TXV Valve Diagnosed Inoperative - AC Still Cools Well

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TXV Valve Diagnosed Inoperative - AC Still Cools Well

Postby gstaley » Fri Jul 01, 2011 9:56 pm

Hi I had a technician come out today after my AC line iced up yesterday. He checked a few things then did a pressure check - Too Low and Too High - however after sweltering in 100 degree heat for the day, i figured could it hurt to just try it for a few minutes (yes risking my compressor) however to my suprise the AC Pumped out cold air which cooled the house from about 85 to 70 in the span of 15 minutes - does that sound like the TXV Valve might not be damaged - line is not frosting up yet.

Thanks - Gary
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- TXV Valve Diagnosed Inoperative - AC Still Cools Well

Postby nomadpeo » Sat Jul 02, 2011 8:55 am

a txv (thermostatic expansion valve) is a modulating valve with a thermal feedback sensor that controls the volume of refrigerant flow into the evaporator. the two points in the refrigerant loop where a restriction can occur are the txv and the liquid line filter/drier. either one can become restricted from excessive debris or water in the system. the filter/drier is there to catch debris and water and not allow it to reach the valve. its size determines the capacity of water it can hold and still allow refrigerant flow. a partial restriction at either of these two points will cause low suction pressure and high discharge pressure. when the suction pressure drops below a pressure corresponding to 32 degrees, condensation on the low side freezes on the uninsulated portion of the pipe and the surface of the evaporator. once turned off, the ice melts. turning it back on could dislodge the restriction and it may work normally. if the restriction was caused by ice crystals forming in the valve, that could explain why it works now. the problem may present itself again. it is possible the valve is the culprit, but i doubt it. the filter/drier itself can also become partially restricted and produce the same symptoms, but typically would have to be replaced before the problem goes away.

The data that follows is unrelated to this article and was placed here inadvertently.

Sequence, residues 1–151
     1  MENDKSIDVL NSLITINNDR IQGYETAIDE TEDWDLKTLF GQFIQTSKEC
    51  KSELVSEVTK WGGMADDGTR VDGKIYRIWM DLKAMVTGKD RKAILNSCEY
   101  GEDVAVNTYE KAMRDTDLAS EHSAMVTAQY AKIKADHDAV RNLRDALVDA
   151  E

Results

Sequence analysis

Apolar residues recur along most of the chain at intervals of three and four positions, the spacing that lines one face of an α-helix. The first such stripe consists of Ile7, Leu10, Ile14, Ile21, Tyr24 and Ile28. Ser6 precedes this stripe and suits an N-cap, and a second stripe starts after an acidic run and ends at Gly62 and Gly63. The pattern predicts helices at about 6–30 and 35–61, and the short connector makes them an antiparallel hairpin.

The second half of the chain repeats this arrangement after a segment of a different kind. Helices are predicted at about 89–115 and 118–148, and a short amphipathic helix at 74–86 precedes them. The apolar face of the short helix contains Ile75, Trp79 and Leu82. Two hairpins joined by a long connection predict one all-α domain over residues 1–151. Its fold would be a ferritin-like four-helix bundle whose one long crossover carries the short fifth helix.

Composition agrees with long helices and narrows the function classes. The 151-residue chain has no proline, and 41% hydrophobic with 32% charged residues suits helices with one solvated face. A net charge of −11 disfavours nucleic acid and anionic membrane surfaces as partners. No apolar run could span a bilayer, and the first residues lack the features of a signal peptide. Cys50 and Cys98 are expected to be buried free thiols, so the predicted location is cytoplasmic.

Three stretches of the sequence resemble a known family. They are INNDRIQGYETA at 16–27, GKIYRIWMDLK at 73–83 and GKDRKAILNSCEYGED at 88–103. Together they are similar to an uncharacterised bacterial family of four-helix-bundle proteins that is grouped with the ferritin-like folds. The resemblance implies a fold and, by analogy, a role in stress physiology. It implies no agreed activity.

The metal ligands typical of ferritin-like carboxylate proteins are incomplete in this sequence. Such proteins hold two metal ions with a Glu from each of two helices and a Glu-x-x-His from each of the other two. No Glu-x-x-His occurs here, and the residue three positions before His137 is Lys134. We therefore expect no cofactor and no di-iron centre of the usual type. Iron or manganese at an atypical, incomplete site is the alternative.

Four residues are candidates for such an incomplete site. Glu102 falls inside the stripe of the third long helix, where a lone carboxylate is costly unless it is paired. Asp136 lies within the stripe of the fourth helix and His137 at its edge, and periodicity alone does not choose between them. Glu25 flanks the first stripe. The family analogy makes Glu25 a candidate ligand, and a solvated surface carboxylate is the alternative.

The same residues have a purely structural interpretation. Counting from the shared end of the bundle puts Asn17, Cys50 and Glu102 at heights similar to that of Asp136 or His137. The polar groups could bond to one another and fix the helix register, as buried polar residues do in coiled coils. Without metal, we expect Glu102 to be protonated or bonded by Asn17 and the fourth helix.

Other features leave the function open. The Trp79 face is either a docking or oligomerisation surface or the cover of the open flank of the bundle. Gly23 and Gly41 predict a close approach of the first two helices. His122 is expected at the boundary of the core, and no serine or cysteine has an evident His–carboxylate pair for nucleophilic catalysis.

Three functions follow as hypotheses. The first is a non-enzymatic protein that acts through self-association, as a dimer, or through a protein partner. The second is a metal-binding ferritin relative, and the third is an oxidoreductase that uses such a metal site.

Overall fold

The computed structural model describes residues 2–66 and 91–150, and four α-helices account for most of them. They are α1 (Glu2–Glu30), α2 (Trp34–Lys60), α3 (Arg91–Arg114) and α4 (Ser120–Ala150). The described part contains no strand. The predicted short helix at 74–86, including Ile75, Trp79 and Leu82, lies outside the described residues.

when the technician sees the system started working again, he should realize the valve may not be the problem. if the condensing unit has a liquid line service valve, he will probably pump down the system (temporarily storing the refrigerant in the condenser coil), replace the liquid line filter, pull a deep vacuum and return the system to service. this will rule out restriction in the filter and ensure water and trash gets trapped there in the future. then if the valve fails again, the other variables would be gone.

look at the smaller of the two lines (outside). there should be a filter. it could be located on the outside of the unit or it may be inside the unit. there should not be two. if it is on the outside and you can get your hands on a strap on thermometer, you can measure the temperature of the line before and after the filter while the system is running. if there is any difference, it is partially restricted. if there is not a filter, then the valve is probably being affected by a floating restriction of either debris or water.
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